1. The truth has that effect on me.

                1. Notice how that even though Epi torments her the most, she only mentions SF and Warty as villians? Epi, she wants your cock, dude.

                  1. epi, doesn’t have a cock , dude

                  2. epi, doesn’t have a cock , dude

                    1. Even the squirrels agree

  2. The press seems to be looking at only one part of the money equation. We have a good idea of Solyndra’s income, it’s sales revenues and private investments are public record as are the loan proceeds. What I am interested in is to see where these funds were spent. Where did nearly a billion dollars (or possibly more) actually end up? What were the executive salaries and who were they paid to? Did the principals have any interests in firms that contracted with Solyndra? Were these firms billings to Solyndra at market rate or could they have served as means to siphon off these dollars prior to bankruptcy? What this story needs is some forensic accounting.

  3. Like Clinton before him, Obama is hoping that a sympathetic press portrays the subpoena issue as a Team Red versus Team Blue “partisan” dispute, thereby causing the rest of to dismiss the entire issue as “political squabbling” and allowing the real underlying scandal to be forgotten.

    1. I wish the media would withhold its team cheerleading from government actions that are illegal, unethical, unconstitutional, or otherwise unseemly.

      1. Yeah this ‘principle’ of never charging past presidents with criminal offenses only protects the teams. I say toss Bush in jail, then Obama.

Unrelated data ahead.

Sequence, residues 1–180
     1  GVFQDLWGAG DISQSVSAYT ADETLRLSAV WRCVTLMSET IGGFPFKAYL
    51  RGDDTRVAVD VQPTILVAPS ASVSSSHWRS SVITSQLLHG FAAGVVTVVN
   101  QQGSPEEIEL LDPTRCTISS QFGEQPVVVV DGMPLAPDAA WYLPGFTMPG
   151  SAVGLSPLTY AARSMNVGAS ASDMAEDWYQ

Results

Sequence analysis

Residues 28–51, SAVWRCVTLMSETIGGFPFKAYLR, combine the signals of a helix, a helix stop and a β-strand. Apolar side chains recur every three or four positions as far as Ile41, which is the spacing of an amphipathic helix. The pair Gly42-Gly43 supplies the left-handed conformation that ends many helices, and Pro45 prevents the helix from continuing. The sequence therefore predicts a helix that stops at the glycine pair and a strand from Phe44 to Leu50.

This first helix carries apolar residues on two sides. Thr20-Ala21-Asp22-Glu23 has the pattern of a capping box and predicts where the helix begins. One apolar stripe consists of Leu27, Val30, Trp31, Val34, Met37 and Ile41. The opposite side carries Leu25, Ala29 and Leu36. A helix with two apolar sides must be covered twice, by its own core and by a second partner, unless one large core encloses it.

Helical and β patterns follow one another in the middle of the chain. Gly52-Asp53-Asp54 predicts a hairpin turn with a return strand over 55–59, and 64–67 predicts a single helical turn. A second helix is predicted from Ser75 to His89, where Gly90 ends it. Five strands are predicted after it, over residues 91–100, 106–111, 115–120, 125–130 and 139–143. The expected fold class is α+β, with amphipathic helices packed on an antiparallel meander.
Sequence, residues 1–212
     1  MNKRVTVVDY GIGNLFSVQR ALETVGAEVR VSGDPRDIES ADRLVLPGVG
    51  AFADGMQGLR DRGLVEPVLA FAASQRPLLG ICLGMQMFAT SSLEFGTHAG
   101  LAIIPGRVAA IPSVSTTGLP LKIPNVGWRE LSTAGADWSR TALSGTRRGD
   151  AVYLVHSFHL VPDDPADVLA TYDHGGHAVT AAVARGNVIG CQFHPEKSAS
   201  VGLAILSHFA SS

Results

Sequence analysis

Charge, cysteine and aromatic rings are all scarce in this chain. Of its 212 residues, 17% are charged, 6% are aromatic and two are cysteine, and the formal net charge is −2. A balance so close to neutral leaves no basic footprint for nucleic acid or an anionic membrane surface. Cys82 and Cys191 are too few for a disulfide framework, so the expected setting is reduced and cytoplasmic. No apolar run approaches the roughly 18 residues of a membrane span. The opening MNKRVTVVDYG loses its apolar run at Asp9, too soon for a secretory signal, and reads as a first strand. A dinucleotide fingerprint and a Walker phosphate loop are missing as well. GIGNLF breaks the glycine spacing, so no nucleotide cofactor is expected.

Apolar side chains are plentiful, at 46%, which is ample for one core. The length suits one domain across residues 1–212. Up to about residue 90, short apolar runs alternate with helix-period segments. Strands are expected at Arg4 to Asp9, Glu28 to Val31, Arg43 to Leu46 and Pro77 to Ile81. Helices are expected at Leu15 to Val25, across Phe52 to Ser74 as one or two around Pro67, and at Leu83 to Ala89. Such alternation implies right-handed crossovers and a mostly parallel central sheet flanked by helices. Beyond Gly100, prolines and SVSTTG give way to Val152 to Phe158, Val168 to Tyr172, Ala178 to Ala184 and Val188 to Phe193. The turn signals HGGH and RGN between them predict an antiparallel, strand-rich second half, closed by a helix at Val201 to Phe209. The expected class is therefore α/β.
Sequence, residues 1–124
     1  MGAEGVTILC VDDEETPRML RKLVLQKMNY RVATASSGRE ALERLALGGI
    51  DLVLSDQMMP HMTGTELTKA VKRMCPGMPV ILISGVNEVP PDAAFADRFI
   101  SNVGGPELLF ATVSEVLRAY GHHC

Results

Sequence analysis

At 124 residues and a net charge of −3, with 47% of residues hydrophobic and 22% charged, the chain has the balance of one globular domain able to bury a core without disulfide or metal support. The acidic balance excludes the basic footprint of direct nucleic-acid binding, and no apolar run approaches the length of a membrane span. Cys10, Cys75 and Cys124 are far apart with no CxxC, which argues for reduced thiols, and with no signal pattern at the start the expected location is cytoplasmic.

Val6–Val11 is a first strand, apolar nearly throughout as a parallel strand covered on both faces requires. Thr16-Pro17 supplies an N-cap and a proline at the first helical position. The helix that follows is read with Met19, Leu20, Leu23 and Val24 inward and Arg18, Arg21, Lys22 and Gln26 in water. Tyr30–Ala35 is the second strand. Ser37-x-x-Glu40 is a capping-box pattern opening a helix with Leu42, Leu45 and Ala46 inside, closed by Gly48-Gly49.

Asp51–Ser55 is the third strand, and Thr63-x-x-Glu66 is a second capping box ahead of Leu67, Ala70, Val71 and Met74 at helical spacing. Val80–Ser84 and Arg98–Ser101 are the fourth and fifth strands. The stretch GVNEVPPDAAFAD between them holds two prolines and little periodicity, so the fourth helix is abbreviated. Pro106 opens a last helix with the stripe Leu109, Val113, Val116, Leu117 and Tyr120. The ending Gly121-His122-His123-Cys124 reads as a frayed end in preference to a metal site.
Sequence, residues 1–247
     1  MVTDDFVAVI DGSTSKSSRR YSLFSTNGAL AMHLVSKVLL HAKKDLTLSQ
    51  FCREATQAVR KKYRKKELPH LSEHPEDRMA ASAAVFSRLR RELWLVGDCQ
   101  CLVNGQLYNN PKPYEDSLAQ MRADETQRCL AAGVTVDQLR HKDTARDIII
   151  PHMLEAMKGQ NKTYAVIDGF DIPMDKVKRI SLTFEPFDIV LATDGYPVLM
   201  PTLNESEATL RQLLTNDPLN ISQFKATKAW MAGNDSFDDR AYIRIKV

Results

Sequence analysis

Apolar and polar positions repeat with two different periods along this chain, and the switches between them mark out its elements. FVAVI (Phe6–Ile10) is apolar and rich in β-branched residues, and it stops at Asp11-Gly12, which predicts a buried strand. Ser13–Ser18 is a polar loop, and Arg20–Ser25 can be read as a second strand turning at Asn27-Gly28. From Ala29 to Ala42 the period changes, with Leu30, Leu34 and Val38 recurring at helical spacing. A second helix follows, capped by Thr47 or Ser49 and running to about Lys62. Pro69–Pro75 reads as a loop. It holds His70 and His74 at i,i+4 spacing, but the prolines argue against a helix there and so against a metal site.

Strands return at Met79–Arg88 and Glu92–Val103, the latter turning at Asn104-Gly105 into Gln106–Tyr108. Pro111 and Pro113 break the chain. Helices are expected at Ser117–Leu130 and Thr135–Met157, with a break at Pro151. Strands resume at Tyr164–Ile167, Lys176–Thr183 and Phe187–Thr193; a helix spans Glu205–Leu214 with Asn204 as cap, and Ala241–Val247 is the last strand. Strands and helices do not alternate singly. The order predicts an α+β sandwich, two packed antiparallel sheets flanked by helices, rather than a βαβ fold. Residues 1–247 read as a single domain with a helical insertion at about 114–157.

What’s really sad is team red defending the assassination of bin laden. From a purely pragmatic sense, even if you believe in the war on terror not debriefing him was a huge mistake.

        Of course the truth is they killed him so he could not be debriefed.

  4. Move along, nothing to see here, keep moving please . . .

  5. “The global economy and capitalism will be ‘reset’ in several important ways?the interaction between government and business will change forever,”
    Thats pretty much how the rest of the world works so the question becomes should we join in or can we still compete without it? We’ve done better then the rest without it in the past so I hope we can continue in the line.

  6. It’s really kinda sad. We would have far more alternative energy if not for government cartelization and subsidization of the energy sector and the EPA usurping of property rights.

    1. Maybe nuclear would even be economical without subsidization.

  7. rather, seriously what do want here ? If you are looking for friends then this is probably not the place, if you want to debate and argue well then this is the place to be.

    If you want to provoke and insult, then sorry to say it, you are going to get it back. Be honest, are you white indian, and if so what is the purpose of all your posts ?

  8. The Judge had a congressman on the other day who said something very interesting about Solyndra. He said that the company was going to generate lots of carbon credits which were going to be sold by the government . That is way they got the loan. But the cap and trade legislation fell through so the whole deal went down the toilet.

  9. how does executive privilege apply to a loan program?

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  11. thank you a lotsssssssssssssss